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Raekwon – Fly International Luxurious Art

on April 24, 2015, 12:02am

Twenty years ago, Raekwon began his first solo album, the claustrophobic, almost ghostly Only Built 4 Cuban Linx, by expressing a desperate desire to escape Staten Island, which the Wu-Tang Clan rapper recently called “like the last borough of New York to be recognized in the game.” “We gotta migrate, get the fuck outta New York,” noted Ghostface Killah over a slice of the score for John Woo’s action film The Killer, and Raekwon was quick to agree. Fast forward to today and the guy is an international star. Accordingly, the intro of his sixth album, Fly International Luxurious Art (F.I.L.A.), is the polar opposite of “Striving for Perfection”. It finds him at an airport amid a flurry of fans and popping flashbulbs, only to encounter a ticket agent telling him that his passport is full, and therefore can’t go to Abu Dhabi. That obstacle notwithstanding, the progression is clear: Raekwon has come a long way since his formative years with the Wu. But it can’t be understated just how important those years were to hip-hop’s development and to the idiosyncratic presence that Raekwon still brings to all the music he makes.

That OB4CL intro was titled “Striving for Perfection”, and to this day, Raekwon will be damned if he doesn’t maintain a perfectionist work ethic (or at least the illusion of one). In fact, he’s gone to some lengths to elevate his own creativity above that of even his closest associates: Just last year, he voiced concern about RZA’s vision for the Clan in light of their divisive (and then upcoming) A Better Tomorrow, lamenting RZA’s disinterest in modern rap and even saying he (Raekwon) “hate[d]” the album’s “Keep Watch”. With F.I.L.A., then, he has something to prove. Though the album is rife with collaborators (with the guest list including rappers like Ghostface, Snoop Dogg, Busta Rhymes, Rick Ross, 2 Chainz, A$AP Rocky, and French Montana, as well as singers like Estelle and Melanie Fiona), he still does an admirable job of showcasing the core elements of his aesthetic, including his dense penmanship and his intense focus when delivering those lyrics.

Even with its familiar foundation, F.I.L.A. (which, like previous Raekwon albums Immobilarity, The Lex Diamond Story, and Shaolin vs. Wu-Tang, doesn’t feature a single RZA beat) avoids sounding dated, and that’s for the best. When young New York rappers like Joey Bada$$ are criticized for digging up old sounds instead of forming wholly new ones, you know that Raekwon — at 45 years of age — is even more vulnerable to comments that he’s living in the past. He isn’t; F.I.L.A. may be grounded in the ‘90s, but it makes room for more modern-sounding expansiveness and bursts of melody. It’s least effective when it chases too far away from the classic Raekwon sound as we know it: For example, the sorta-weed anthem “F.I.L.A. World”, featuring 2 Chainz being 2 Chainz (“Conversate about me, that’s a chain reaction!”), has a gooey, pink-horizon Scram Jones beat that’s a strange fit for both rappers. But such a sharp, uncharacteristic turn is rare.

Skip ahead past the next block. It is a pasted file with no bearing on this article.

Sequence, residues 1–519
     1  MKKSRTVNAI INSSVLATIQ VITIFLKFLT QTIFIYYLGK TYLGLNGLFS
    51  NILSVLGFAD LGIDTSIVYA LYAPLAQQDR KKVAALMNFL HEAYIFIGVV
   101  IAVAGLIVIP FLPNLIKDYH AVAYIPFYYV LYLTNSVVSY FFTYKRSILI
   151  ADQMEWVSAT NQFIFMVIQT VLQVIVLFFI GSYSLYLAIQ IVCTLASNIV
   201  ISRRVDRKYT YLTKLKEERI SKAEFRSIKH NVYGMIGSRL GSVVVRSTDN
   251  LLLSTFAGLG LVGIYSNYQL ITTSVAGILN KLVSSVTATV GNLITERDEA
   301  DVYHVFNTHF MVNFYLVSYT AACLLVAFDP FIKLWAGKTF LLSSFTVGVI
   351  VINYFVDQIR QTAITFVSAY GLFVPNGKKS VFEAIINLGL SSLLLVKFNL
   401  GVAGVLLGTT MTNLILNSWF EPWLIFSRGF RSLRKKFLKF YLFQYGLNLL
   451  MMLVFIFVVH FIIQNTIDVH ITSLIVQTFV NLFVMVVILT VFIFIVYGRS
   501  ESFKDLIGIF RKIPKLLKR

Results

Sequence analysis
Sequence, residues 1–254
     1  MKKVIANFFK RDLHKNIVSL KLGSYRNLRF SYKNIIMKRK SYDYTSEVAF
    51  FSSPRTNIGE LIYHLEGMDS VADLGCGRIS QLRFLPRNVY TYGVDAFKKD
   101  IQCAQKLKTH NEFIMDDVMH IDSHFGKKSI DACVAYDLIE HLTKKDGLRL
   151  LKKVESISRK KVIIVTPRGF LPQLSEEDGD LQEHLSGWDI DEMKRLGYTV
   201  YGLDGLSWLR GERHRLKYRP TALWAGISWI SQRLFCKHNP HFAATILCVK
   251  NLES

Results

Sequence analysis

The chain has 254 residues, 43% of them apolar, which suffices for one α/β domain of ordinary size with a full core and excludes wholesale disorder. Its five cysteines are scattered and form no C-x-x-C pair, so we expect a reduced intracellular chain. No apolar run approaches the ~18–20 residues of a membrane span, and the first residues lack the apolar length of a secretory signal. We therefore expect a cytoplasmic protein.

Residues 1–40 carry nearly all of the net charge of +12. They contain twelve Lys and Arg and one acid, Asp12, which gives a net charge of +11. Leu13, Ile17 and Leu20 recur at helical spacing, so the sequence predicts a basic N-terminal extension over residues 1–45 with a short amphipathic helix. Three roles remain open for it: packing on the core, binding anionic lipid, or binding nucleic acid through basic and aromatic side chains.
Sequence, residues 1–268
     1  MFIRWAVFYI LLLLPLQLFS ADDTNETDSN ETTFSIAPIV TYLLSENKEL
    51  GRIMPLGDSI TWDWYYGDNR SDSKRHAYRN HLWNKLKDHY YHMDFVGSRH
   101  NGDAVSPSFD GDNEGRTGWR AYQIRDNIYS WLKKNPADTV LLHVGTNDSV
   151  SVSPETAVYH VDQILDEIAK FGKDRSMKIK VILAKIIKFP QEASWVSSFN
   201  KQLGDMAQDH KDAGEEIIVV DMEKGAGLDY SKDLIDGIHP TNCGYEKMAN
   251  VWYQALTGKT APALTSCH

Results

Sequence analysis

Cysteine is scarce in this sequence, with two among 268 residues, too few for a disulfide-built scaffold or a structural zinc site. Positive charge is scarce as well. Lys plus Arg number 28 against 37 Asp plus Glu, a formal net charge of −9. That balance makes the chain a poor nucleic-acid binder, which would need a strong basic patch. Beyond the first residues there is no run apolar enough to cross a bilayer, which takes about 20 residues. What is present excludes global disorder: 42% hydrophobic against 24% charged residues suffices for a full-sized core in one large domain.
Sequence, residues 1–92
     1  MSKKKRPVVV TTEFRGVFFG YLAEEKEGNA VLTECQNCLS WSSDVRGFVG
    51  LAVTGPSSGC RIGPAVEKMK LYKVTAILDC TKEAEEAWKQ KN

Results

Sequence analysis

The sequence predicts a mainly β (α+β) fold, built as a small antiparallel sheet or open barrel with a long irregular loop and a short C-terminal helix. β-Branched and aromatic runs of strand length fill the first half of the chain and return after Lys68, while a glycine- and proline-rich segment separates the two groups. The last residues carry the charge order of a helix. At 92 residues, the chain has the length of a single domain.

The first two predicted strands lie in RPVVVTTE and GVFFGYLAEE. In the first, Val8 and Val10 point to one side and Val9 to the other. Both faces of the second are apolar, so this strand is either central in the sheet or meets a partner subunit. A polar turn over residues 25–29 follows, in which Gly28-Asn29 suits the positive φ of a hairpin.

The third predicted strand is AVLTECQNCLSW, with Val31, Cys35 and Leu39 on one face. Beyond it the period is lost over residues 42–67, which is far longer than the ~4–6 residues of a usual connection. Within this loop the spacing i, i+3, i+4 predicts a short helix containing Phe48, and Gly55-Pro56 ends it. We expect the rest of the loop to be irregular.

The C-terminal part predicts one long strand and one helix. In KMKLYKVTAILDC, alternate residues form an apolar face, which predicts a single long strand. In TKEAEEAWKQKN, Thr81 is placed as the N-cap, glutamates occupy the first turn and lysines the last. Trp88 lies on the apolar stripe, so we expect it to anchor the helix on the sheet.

A large percentage of the album, then, finds Raekwon in his sweet spot. The Ghostface team-up “4 in the Morning” is menacing Mafioso rap, mixing opulent horns and chaotic police sirens. Immediately after, A$AP Rocky joins the festivities on “I Got Money”, and despite the 20-year age difference, Raekwon/Rocky is a pairing almost as natural as Raekwon/Ghostface. Later, the brassy strut of the Snoop-assisted recent single “1,2 1,2” is another song to make Young Thug eat his words for saying kids aren’t interested in listening to relatively geriatric rappers; together, Raekwon and Snoop can count nearly 90 years between them, but they swap verses with impressive energy. On the other hand, the solo “Nautilus” is the album’s shortest proper song, and, as such, it offers a glimpse of the level of detail Raekwon can fit within relatively narrow parameters.

That lyricism, the world-building ability that made Only Built 4 Cuban Linx and its 2009 sequel reach the pinnacle of rap-as-cinema, is here in fine form. What F.I.L.A. lacks in overt emotional content is made up for with the pleasure Raekwon takes in listing off his lavish purchases and seemingly constant jet-setting. Still, he lets you know that his darker days aren’t that far behind him, and that those tribulations helped him become the uncompromising artist he is today. “You just monkey niggas, meet the apes/ Strictly business, gorillas in 50 states,” he goes on “Nautilus”. Of course, he’s actually worldwide now, and F.I.L.A. is strong enough that it could bring him to newer destinations still.

Essential Tracks: “4 in the Morning”, “I Got Money”, and “1,2 1,2”

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